The anchors of SS Maori on Hout Bay Main Road

Scattered shipwreck: The anchors of SS Maori

The anchors of SS Maori on Hout Bay Main Road
The anchors of SS Maori on Hout Bay Main Road

Nautical artifacts – both physical objects and place names – can be observed all over Cape Town. One, which I’ve driven past many, many times without even noticing, can be seen on Hout Bay Main Road just between the Shell Garage and Hout Bay Manor. (If you want the precise location, check out this instagram post, which I geotagged.) The anchors of SS Maori, a steamship that ran aground in 1909 in a bay now named after her, are on display under the auspices of Hout Bay Museum. The wreck of the Maori is a very popular dive site, and is eminently suitable for Open Water and beginner divers owing to the depth at which she lies, and the comforting feeling one has of being close to shore whilst sheltered in Maori Bay.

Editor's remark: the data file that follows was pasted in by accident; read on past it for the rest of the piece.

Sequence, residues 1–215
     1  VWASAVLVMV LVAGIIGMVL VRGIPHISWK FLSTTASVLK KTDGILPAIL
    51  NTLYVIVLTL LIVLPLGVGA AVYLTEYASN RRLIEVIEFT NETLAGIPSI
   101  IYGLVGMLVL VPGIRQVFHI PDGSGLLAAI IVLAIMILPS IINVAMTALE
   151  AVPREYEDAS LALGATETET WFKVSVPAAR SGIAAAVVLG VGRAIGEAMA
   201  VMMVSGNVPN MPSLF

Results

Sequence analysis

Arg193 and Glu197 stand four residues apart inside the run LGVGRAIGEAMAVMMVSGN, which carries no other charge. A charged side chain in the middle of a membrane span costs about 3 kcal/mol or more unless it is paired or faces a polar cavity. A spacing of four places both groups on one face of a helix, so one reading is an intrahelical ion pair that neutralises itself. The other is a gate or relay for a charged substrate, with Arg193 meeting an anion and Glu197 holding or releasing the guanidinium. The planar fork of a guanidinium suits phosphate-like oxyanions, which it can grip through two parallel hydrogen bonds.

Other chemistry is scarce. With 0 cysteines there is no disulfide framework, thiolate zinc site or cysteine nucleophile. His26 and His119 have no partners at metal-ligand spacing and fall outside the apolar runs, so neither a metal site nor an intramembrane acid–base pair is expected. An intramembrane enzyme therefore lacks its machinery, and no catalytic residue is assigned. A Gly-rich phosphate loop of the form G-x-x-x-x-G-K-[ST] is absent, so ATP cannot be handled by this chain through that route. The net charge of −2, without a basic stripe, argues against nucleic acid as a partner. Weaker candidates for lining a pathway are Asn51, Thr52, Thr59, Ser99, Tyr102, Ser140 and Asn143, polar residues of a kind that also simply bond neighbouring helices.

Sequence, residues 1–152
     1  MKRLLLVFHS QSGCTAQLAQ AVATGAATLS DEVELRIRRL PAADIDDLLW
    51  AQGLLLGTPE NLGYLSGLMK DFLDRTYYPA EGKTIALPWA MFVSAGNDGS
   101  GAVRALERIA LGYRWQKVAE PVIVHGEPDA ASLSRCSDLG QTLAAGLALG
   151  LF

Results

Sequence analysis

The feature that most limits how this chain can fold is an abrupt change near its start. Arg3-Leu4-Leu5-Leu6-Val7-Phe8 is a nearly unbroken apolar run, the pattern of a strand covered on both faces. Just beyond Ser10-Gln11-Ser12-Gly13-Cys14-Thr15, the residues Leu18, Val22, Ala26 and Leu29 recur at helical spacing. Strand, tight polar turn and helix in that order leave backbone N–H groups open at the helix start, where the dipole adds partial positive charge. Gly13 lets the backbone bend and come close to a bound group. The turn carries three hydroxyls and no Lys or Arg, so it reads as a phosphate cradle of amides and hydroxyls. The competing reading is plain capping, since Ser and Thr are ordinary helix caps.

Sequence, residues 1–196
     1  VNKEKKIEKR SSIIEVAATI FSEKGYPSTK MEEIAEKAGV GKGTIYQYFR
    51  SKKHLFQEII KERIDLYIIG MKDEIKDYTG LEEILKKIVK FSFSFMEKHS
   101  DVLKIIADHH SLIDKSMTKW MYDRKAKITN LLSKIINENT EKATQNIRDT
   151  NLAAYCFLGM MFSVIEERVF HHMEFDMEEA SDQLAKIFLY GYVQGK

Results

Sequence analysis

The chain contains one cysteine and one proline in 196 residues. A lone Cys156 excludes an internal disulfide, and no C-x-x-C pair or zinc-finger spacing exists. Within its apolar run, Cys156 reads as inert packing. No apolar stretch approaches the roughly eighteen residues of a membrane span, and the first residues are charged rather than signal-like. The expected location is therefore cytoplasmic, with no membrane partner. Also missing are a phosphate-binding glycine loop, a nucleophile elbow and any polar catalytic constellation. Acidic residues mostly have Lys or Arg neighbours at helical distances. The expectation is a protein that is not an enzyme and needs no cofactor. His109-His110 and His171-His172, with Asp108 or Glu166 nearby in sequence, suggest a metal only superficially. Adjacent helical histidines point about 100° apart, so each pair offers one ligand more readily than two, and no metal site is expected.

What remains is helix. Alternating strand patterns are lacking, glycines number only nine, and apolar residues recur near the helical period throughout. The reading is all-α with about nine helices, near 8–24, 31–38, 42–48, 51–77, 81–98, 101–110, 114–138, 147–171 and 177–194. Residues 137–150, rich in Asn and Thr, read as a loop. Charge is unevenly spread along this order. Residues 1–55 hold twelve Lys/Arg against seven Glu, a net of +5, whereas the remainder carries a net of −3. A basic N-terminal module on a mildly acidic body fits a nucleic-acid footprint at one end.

The bell of SS Maori can be seen inside the Hout Bay Museum. The wreck is over 60 years old, and as Peter Southwood points out on the dive site’s wikivoyage page,

This is a historical wreck and is now protected by legislation. Removing wreckage or artifacts is a criminal offence.

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Clare

Lapsed mathematician, creator of order, formulator of hypotheses. Lover of the ocean, being outdoors, the bush, reading, photography, travelling (especially in Africa) and road trips.

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